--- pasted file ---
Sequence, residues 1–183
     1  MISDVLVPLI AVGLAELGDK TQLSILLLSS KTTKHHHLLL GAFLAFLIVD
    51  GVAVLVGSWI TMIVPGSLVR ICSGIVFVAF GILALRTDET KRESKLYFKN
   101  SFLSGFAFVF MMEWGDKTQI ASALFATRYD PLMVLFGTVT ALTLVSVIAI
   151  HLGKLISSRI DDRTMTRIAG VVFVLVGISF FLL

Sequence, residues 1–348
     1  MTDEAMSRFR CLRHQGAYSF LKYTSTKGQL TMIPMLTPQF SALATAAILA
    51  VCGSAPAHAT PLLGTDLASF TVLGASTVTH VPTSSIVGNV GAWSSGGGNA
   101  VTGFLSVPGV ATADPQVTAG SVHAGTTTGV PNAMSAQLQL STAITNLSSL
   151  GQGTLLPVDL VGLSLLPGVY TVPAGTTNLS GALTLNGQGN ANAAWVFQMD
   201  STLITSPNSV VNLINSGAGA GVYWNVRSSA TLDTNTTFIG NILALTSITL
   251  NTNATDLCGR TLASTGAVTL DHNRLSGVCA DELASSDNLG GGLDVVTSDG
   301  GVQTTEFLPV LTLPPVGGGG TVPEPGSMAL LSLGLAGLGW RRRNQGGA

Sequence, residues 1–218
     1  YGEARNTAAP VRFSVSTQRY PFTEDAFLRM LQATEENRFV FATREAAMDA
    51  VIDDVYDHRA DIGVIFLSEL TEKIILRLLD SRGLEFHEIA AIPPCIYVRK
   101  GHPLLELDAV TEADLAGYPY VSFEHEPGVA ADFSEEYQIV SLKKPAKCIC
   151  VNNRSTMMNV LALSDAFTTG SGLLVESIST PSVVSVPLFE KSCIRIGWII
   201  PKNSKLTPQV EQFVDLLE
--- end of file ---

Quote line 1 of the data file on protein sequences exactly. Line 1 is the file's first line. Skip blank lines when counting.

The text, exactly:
Sequence, residues 1–183